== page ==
Catechesis Notes for the Week — Praying the Psalms: Psalm 17—Prayer for Faithfulness to the Lord’s Word and Salvation—Psalm 17 is an example of praying according to the First Petition, “Hallowed be Thy Name.”  God’s Word and those who trust in it, pray according to it, and cling to the righteousness of Christ above all else will endure assaults from false teachers, slanderers of the truth, the arrogant and self-righteous.  All of these enemies of God’s Word and of the faithful Christian are in league with Satan, the arch-enemy of the Gospel of Christ.  David teaches us to cry out to the Lord for the strength He promises to give against the malevolent deceit of those who would assault the faith of Christians.  He bids us to pray, not for the things of this world which will pass away, but for the righteousness of Christ and the gift of salvation that will never pass away. CP190127

The Sacrament of Holy Baptism — Part III

January 20, 2019

Download (Adobe PDF)

Catechesis Notes for the Week — Praying the Psalms: Psalm 16—The Messiah’s Prayer for Strength—All the psalms are prayed through faith in Jesus Christ and His victory for us.  Psalm 16 is no exception.  The words of this psalm belong in the mouth of Jesus.  Peter makes this clear in his Pentecost sermon.  This psalm was Jesus’ prayer as He faced the horror of the cross and death: “Preserve me, O God, for in You I put my trust…You are my Lord, My goodness is nothing apart from You!”  For Jesus’ sake, this becomes our prayer as well.  Even in the agony of His death upon the cross, Jesus confessed confidence in His Father who would raise Him from the dead and not allow Him to see corruption: “I have set the Lord always before me; because He is at My right hand I shall not be moved. Therefore My heart is glad, and My glory rejoices; My flesh also will rest in hope. For You will not leave My soul in Sheol, nor will You allow Your Holy One to see corruption.”  Because of Jesus’ atoning sacrifice upon the cross which the Father accepted, Jesus’ body did not undergo decay and it was impossible for death to hold Him.  The Father raised His faithful Son from the dead and for Jesus’ sake the Father will raise us to life immortal.  This is our hope and confidence in Christ: “In Your presence is fullness of joy; at Your right hand are pleasures forevermore.” CP190120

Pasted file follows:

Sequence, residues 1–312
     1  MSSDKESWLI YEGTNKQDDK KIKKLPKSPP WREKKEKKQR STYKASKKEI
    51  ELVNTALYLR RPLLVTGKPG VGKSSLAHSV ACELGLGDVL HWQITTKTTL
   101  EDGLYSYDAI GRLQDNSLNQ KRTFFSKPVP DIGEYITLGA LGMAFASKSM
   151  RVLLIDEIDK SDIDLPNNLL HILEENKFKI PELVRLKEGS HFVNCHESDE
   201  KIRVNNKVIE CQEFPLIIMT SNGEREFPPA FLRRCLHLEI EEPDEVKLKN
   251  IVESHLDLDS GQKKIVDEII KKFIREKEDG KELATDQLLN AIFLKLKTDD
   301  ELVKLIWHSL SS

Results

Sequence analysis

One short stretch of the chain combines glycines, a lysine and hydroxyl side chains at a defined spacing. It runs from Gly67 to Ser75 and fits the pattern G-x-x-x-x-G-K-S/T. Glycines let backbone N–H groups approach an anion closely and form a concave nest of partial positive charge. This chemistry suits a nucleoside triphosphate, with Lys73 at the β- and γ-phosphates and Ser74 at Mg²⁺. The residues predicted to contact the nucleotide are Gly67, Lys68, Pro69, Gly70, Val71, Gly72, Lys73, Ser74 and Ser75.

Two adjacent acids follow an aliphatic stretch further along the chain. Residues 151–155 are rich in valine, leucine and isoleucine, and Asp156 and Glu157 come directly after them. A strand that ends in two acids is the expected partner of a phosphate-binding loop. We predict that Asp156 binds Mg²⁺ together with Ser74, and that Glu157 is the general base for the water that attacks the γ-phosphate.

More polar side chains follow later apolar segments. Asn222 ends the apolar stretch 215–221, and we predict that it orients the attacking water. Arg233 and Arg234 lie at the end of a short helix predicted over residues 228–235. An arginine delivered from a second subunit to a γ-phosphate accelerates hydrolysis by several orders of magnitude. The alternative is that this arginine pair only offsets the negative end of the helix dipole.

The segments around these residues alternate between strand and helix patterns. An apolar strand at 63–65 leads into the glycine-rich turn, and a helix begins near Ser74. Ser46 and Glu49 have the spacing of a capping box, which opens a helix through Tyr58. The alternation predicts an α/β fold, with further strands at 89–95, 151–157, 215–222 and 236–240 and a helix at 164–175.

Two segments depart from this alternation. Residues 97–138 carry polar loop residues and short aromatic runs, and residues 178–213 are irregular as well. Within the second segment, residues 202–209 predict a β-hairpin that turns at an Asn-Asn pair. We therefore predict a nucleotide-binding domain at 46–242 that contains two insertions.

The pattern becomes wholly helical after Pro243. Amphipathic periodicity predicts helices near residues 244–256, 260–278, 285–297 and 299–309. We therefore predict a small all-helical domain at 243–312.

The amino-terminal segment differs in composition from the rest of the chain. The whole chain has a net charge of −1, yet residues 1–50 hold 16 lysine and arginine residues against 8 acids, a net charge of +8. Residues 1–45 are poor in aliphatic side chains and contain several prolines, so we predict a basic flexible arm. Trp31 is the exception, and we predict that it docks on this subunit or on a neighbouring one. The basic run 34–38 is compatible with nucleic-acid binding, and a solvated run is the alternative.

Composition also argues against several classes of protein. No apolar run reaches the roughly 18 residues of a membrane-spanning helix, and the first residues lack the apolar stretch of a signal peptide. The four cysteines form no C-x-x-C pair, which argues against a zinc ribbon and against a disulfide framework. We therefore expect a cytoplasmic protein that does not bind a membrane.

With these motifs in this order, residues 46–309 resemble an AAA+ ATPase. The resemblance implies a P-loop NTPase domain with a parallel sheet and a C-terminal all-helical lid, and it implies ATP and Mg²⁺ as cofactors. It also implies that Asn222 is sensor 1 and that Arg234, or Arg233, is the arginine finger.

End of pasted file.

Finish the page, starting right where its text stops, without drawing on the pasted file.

The Sacrament of Holy Baptism—Part I and II

January 13, 2019

Download (Adobe PDF)

Catechesis Notes for the Week — Praying the Psalms: Psalm 15—Prayer to Walk Uprightly in Faith—Throughout the Old Testament men like Enoch, Noah, and Abraham are said to “walk with God” and are, therefore, described as righteous and just.  This is a description of what it means to follow Christ by faith.  By faith we are justified, declared righteous; and by faith we live the Christian life.  We enter into God’s house by the merits of Christ alone.  The life of faith speaks the truth before God and the neighbor, confesses sin, lives in love for the neighbor, and seeks only the neighbor’s welfare.  This is what we pray for because we believe in Him whose righteousness and salvation enables us to abide in the tabernacle of the Lord forever.CP190113